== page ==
4 Signs You Need A New Toilet
Making improvements to your home? Nothing feels better than to update a room and have everything shiny and brand new.
We enjoy updating a refrigerator, increasing the technology in our appliances, even having a modernized fixture with all the bells and whistles. But a new toilet? It might not have a high placement on your list of home improvement tasks.
A toilet is a toilet. Right?
Toilets go through thousands of gallons of water each year. Every flush puts stress on rubber seals, pipes, and the porcelain bowl. And while toilets do have a long lifespan, there can telltale signs that it’s time for a replacement.
Your toilet has never been replaced
Owned your home for years? Living with the original toilet installed when it was first built? A lot has changed over the years. Even if you aren’t living with that chocolate brown or avocado green toilet once popular decades ago, it still may be time for an update. Not only are old toilets more prone to cracks and leaks, they are also water hogs as well. Today’s toilets use a fraction of the water with each flush when compared to toilets made a few years ago. And with today’s technology, they make less noise with every flush.
Your toilet uses too much water
Today’s high efficiency toilets have improved flushing power and use only 1.3 gallons of water per flush. Under the Energy Policy Act of 1992, all toilets produced from this point forward must have a standard flush level of 1.6 gallons of water. Prior to this, most toilets used 3.4 gallons. If your toilet is from the original construction, you can be using almost three times the amount of water per flush; that’s a substantial amount of water usage over the course of a year.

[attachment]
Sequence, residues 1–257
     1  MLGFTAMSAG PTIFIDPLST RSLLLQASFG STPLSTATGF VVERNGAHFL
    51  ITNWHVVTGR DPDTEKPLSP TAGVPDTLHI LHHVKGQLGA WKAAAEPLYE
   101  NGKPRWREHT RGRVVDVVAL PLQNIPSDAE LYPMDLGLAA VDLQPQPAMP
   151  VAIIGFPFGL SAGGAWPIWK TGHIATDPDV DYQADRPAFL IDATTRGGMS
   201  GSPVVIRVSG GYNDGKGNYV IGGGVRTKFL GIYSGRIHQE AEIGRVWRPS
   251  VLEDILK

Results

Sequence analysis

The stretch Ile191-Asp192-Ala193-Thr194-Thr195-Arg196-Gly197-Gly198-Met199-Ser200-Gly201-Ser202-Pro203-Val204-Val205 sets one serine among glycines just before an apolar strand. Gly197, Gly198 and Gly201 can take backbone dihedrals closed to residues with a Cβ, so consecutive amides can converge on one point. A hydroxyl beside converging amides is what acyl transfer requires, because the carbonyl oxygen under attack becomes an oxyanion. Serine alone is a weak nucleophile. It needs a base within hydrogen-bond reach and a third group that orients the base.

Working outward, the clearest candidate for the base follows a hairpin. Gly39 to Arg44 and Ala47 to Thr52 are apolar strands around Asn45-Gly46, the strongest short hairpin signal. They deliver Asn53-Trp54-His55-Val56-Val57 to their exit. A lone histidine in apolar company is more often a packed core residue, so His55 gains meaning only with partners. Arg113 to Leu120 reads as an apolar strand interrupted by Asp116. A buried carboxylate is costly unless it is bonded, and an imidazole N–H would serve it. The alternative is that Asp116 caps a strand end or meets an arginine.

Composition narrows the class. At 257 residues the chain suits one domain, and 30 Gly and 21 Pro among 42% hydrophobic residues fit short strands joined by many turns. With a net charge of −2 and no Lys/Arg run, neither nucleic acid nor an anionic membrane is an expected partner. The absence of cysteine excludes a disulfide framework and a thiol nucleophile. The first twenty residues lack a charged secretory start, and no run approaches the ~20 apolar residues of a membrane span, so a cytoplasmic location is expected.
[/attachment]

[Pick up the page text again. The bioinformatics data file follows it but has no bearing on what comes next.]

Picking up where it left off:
Your toilet shifts and moves
Ever touched the toilet and had it shift positions on you? It can be caused by a variety of things. Loose mounting bolts, a degraded wax ring underneath the toilet, or a rotten subfloor can all cause a toilet to shift. While loose mounting bolts may be able to be tightened to provide a toilet more useful life, they can easily crack the porcelain if stripped or tightened too much. If water has seeped into the subfloor, a professional repair is in order.
Your toilet is damaged
Older toilets begin showing their age gradually. You may notice chips in the finish or cracks along the curves. You may hear a slight water drip even when not in use. Even a small leak can lead to hundreds, even thousands of gallons of water waste every year. And if the water seeps into your home, it can cause you thousands of dollars of damage in the process. At worst, you may also have to deal with biological growth.
Although an experienced DIYer may attempt to install a new toilet on their own, most homeowners should rely on a professional to ensure your new toilet is installed correctly without leaks in place. Need help? Give us a call today.